Lawmakers on the House Select Committee on the Chinese Communist Party sent a letter to Apple CEO Tim Cook asking him to explain why Apple removed “The Problem with Jon Stewart” from its AppleTV streaming service, CNN reported.
In the November 16 letter signed by Committee Chair Mike Gallagher and Ranking Member Raja Krishnamoorthi, the lawmakers asked Cook to brief the committee on December 15 to explain whether China coerced Apple to take Stewart’s show off the air.
It was previously reported that Apple executives had approached Stewart with concerns over the show’s discussion on artificial intelligence and China, telling the host that he needed to be in line with Apple on certain topics. However, Stewart reportedly declined, arguing that he wanted to maintain creative control over the show. After Apple threatened to cancel the program, Stewart dropped the show.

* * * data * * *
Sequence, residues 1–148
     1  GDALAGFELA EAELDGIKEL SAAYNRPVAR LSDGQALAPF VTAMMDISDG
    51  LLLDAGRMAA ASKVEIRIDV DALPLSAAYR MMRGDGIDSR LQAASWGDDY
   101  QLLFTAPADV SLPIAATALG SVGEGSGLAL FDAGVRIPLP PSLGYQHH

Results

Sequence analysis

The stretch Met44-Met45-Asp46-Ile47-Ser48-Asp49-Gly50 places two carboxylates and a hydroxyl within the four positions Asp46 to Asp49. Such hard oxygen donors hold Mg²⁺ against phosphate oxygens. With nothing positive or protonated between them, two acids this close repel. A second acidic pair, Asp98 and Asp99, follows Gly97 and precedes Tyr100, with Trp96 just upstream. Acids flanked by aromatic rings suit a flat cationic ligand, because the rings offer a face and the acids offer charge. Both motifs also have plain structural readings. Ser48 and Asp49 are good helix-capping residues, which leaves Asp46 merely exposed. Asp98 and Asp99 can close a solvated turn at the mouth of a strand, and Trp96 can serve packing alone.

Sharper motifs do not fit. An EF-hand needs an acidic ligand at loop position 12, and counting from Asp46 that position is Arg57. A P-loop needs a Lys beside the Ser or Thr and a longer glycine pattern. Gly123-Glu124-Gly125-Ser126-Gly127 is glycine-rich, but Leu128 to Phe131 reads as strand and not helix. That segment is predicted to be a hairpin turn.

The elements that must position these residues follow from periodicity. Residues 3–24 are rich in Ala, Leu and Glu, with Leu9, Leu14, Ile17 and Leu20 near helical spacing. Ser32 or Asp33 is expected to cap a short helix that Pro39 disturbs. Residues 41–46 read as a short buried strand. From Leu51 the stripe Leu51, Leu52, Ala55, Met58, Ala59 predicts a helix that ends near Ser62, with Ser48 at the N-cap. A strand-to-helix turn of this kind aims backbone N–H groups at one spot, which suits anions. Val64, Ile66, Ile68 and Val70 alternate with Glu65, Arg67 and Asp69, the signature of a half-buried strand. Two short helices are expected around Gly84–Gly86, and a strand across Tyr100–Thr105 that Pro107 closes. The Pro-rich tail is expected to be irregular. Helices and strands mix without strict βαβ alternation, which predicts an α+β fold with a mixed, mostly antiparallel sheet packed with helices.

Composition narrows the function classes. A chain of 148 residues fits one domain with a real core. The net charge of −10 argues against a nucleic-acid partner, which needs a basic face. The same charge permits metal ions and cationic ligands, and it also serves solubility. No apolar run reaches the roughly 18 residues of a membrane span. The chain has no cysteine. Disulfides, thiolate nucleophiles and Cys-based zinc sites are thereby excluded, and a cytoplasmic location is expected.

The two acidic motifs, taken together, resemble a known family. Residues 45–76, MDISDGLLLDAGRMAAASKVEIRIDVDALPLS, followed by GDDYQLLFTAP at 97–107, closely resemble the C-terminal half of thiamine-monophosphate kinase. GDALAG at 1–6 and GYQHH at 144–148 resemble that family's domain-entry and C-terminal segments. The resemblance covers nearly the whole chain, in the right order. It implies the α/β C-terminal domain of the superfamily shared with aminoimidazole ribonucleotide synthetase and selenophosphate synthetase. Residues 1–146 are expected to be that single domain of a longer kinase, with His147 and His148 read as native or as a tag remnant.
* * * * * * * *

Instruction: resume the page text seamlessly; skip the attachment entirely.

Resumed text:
Citing the reports, the lawmakers told Cook that the incident with Stewart could speak “to broader concerns” about China’s indirect influence on “the creative expression of American artists and companies on CCP-related topics.”
They said that the incident also “highlights” another reason Congress has encouraged Apple “to accelerate its efforts to reduce its dependence” on China.
The lawmakers conceded that streaming services should have the “right to determine what content is appropriate,” but added that such determinations should not be “directly or indirectly” influenced by “the coercive tactics of a foreign power.”
Gallagher and Krishamoorthi noted that as a well-known comedian, Jon Stewart can easily find another streaming service to broadcast his show, but for lesser-known hosts, it could be difficult to find a platform to broadcast their views on issues related to the CCP.
The lawmakers urged Apple to “urgently” begin diversifying its supply chains and reducing its technological dependence on China, which only gives the CCP economic leverage over the company.
China accounts for nearly 20 percent of Apple’s sales, making it the company’s fastest-growing region.